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Minimizing downtime for Oracle release upgrades

Oracle Database Tips by Donald Burleson


Non-Grid database with continuous availability requirements struggle with doing database upgrades without taking the database down.  In Oracle 10g RAC and Grid, Oracle offers a "rolling upgrade", whereby each node van be upgraded, one at a time, without any downtime.  However, non-RAC database require a small amount of downtime during release upgrades.

Here are two approaches for minimizing downtime during an Oracle release upgrade:

Here are the details from these authors.

Transportable tablespace minimum downtime upgrade

Here is a great approach to minimize downtime during an Oracle upgrade.

If you are staying on the same server, you can upgrade from 9i to 10g with about 5 minutes of downtime.  To do this, you will be using transportable tablespaces. The only requirement is that all your tablespaces are locally managed. The idea is simple.

1) Install Oracle 10g to a separate Oracle Home on the same server

2) Create a 10g database with only the base tablespaces: SYSTEM, SYSAUX, UNDO, and TEMP

3) On the 9i database, put all your tablespaces into read only mode (write downtime begins)

4) Perform a transportable tablespace export of all non-system tablespaces (as a sysdba user)

5) Shut down the 9i database (true downtime begins)

6) Start up the 10g database

7) Perform a transportable tablespace import into the 10g database (end true downtime)

8) Make all your tablespaces read/write (end write downtime)

Duplicate Disk minimum downtime upgrade approach

Herod T offered this excellent advice in the Oracle DBA forum:

I have done this for one of our 24*7 systems, and this was my approach - others will have a different approach. Possibly better. we went 8 to 10g

1.) We rented similar hardware to what the production DB was working on. We bought a duplicate set of drives.

2.) We got a copy of the production DB running on the rental, made sure it was all good (days of work).
We made sure that the mount points etc were all the same as on prod - an exact as possible duplicate.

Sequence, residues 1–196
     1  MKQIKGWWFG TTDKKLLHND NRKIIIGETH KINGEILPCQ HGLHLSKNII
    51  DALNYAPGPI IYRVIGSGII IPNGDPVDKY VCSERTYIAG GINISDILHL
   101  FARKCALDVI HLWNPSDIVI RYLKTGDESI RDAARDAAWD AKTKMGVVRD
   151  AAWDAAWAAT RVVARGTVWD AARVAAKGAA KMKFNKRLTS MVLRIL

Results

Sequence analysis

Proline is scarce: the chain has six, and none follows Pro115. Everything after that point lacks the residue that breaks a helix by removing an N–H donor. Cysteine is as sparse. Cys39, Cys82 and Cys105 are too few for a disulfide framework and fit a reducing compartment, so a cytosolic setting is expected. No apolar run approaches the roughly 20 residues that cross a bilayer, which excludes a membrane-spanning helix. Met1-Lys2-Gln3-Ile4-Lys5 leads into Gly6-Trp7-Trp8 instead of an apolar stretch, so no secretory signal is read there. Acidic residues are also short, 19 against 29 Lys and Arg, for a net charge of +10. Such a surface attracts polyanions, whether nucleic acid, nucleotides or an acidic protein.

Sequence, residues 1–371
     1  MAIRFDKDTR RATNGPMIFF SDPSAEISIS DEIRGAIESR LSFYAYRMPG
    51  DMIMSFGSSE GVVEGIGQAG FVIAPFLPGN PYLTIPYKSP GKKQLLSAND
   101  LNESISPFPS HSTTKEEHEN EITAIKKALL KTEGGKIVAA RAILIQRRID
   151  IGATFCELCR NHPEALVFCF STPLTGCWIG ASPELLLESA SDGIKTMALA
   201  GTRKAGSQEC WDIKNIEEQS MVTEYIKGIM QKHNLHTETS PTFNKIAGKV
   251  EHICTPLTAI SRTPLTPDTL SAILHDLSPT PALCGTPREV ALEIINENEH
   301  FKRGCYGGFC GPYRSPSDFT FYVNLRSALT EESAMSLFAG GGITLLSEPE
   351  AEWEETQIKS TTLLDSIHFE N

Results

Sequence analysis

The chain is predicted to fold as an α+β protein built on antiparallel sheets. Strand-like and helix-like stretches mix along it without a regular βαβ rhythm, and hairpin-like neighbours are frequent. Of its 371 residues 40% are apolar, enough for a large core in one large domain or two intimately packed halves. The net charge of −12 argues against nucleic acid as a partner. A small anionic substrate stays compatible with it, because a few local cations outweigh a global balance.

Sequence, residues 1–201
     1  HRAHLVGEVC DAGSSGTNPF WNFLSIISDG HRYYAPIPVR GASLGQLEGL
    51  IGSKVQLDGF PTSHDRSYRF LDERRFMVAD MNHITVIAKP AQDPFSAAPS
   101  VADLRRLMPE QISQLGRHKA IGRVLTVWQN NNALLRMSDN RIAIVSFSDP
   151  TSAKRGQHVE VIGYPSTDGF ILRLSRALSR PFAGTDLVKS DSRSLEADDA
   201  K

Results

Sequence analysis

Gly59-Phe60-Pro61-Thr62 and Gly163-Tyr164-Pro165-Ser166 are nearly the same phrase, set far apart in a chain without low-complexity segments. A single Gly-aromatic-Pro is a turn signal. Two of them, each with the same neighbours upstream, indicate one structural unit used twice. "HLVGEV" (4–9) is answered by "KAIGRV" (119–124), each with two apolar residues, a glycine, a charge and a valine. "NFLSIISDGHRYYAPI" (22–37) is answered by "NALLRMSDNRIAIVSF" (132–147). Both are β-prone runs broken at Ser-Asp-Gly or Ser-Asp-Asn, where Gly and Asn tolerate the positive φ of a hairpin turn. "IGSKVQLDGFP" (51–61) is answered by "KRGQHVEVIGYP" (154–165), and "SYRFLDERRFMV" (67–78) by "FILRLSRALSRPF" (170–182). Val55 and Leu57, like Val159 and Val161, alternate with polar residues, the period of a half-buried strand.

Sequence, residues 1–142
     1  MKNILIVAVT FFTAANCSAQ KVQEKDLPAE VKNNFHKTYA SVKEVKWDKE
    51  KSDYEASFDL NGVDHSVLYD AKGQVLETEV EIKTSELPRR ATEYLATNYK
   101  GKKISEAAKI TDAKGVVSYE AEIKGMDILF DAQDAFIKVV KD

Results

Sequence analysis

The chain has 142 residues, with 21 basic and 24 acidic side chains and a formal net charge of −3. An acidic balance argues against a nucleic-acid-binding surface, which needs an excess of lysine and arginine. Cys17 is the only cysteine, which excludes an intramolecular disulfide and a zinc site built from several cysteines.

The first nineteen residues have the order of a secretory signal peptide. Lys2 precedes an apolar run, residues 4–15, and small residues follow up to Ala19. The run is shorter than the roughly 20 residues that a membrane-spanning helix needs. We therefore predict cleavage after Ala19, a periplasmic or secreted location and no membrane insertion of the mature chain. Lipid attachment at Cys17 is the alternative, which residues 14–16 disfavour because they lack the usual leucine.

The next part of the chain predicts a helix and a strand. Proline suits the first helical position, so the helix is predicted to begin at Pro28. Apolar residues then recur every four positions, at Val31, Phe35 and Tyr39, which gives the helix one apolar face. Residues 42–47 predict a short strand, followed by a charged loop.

3.) Had downtime, unmounted the drives (external bays) from the prod machine, put those drives in place on the rental. Brought everything back up. Total downtime was 19 minutes and worked like a charm. put the new drives on the prod box

4.) We upgraded the prod database on the prod machine, tested did our work, took weeks while everything ran on the rental. We built refresh scripts that converted data that needed converted, we also kept the 10g DB as refreshed as possible from the prod DB, only about 1 hour behind using manual scripts.

5.) we scheduled downtime on the rental, refreshed the data, and remounted the drives. Took under an hour. Brought the prod machine back up and decommissioned the rental as soon as we got user sign off a day or two later.

We took the time to add 2 CPU's and some RAM to the production machine as well in the time the rental was running. It was just barely over an hour total downtime spread weeks apart. management was happy and since we scheduled the work for 3am our time, nobody really cared from the users. And those that did - we apologized for the scheduled maintenance.

Costly as we had to pay for the rental and an entire duplicate set of disks. But we used the extra disks on other servers once we were done with them.  This was on HPUX

 

If you like Oracle tuning, you may enjoy my new book "Oracle Tuning: The Definitive Reference", over 900 pages of BC's favorite tuning tips & scripts. 

You can buy it direct from the publisher for 30%-off and get instant access to the code depot of Oracle tuning scripts.


 

 

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Note: This Oracle documentation was created as a support and Oracle training reference for use by our DBA performance tuning consulting professionals.  Feel free to ask questions on our Oracle forum.

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